Does the City of Collinsville allow outdoor fires?
Open Burning is not allowed within the City Limits of Collinsville.
The only exceptions are small fires for recreational or religious purposes. Permits are not required. The following rules must be adhered to:
Fire is contained in an area under 36 inches diameter and under 24 inches in height.
Fire should be at least 25 feet from structures or combustible materials.
Fire shall be constantly attended until extinguished.
Means of putting out fire shall be immediately available, such as garden hose, extinguisher, shovel and dirt, etc.
Extra caution must be used with any recreational fire in dry or windy conditions.
City ordinance prohibits the burning of yard waste, trash, garbage, and other items not intended to burn such as furniture, etc.
Fire Pits (self-contained device created for small recreational fires either purchased or constructed of bricks / stones / iron, etc) are recommended and encouraged. Be careful to maintain proper clearance from combustibles and in the disposal of hot coals.
Does the fire department give tours of the firehouses?
The Collinsville Fire Department conducts fire station tours for small groups from Monday through Friday between the hours of 8 a.m. - 4:30 p.m. Participants must be at least 5 years of age and be accompanied by an adult.
To arrange a tour of your neighborhood fire station, please contact Fire Administration at (618) 346-5022 ext. 8.
How do I request medical records (ambulance reports) and bills?
Records requests should be submitted by email to firstname.lastname@example.org; or by USMail as an alternative. Requests must include the patient's full name, date of service, a release / authorization signed by the patient, and an email address to which the response can be sent.
Requests for Records will be responded to within the time period prescribed by law, however in most cases no longer than 10 days.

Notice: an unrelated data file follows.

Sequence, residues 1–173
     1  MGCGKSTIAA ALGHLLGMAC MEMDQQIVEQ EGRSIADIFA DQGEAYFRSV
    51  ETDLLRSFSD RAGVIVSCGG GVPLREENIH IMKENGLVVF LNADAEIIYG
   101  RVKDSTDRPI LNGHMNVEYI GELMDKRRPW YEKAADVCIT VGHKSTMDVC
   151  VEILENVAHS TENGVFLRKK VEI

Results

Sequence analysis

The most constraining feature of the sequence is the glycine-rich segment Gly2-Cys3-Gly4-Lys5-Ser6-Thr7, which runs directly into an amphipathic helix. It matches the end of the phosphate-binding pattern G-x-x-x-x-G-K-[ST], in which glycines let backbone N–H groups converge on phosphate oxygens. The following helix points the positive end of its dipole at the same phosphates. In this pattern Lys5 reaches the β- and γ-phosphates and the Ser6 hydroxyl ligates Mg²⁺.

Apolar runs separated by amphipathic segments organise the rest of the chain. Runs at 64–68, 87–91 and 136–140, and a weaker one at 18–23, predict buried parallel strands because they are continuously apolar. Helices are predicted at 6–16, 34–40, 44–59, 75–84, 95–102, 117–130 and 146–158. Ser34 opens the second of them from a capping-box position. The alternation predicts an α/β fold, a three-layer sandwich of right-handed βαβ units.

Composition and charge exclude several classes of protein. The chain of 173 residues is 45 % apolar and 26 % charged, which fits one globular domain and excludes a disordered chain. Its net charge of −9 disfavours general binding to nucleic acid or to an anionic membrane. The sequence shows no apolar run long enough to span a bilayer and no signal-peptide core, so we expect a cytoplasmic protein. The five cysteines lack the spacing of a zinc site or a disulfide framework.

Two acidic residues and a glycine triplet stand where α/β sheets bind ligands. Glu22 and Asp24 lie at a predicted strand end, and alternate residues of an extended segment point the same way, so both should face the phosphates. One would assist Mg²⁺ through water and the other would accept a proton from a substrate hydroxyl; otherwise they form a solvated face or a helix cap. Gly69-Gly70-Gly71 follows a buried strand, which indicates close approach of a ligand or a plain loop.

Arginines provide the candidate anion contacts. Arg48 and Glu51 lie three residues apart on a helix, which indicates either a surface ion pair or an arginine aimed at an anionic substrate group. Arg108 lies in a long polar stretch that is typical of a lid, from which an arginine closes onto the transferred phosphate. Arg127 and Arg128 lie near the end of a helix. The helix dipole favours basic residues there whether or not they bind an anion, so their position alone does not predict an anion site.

PLEASE DO NOT SUBMIT RECORDS REQUESTS BY FAX AS THERE IS NO WAY TO ENSURE DELIVERY NOR MAINTAIN ADEQUATE RECORDS OF RESPONSE.
Contact Tracy Carlson with questions at 618.346.5022 ext. 3141 or at email@example.com
Where can I get a smoke detector?
Leave ‘Em Safe Program
If you or someone you know is sleeping in a home without a working smoke detector, call the Fire Department.
Our Leave 'Em Safe Program works in cooperation with the Illinois State Fire Marshal's Office to install smoke detectors in owner occupied homes. Whether the occupant cannot afford a smoke detector or has been unable to get one installed, Firefighters will come install a working smoke detector or replace batteries free of charge. The goal of the program is to make sure the occupants are protected before anyone sleeps one more night without a smoke detector.
Landlords are required to ensure working smoke detectors are present in all their rental units. If you rent and have requested your landlord install or replace your smoke detector, contact us. In some cases we will have smoke detectors that are not a part of the State program, and will install them for you. If none are available, your landlord can be contacted by the Building Department to ensure the required detector(s) are installed.
In short, the Collinsville Fire Department will do whatever it takes to get a smoke detector protecting your home. Call before another night goes by.
130 South Clinton
Collinsville, IL 62234
618-346-5022 ext. 8
Why are the hydrants on my street being opened?
Hydrant Maintenance Program
The purpose of the Collinsville hydrant flushing program is to provide better water quality to residents and ensure their proper operation in the event of a fire. For the hydrant to operate properly, crews check for ease of opening and closing, ensure that water flow stops when the hydrant is shut down, and make sure water remaining in the barrel drains down below ground level into surrounding soil. If a hydrant does not perform all of these functions, the hydrant must be repaired by the Water Department. Hard turning or inoperable fire hydrants can be a serious problem for the Fire Department during emergency situations and any leaks within the hydrant can be a source of water loss and a major cause for hydrant freeze up during the winter months.
City ordinance also requires that fire hydrants have a 48-inch circle around the hydrant that is free from obstructions. This helps firefighters find the hydrant in the event of an emergency. When a violation of this ordinance is discovered, a letter will be sent to the homeowner requesting the obstruction be removed, and follow-up will be performed to ensure removal has been completed.
The City will update areas with hydrants being flushed on their website, Facebook, and Twitter pages. Hydrant flushing may cause residential water to temporarily turn brownish in color. If this occurs, run the water until it becomes clear, and refrain from washing white clothes at that time.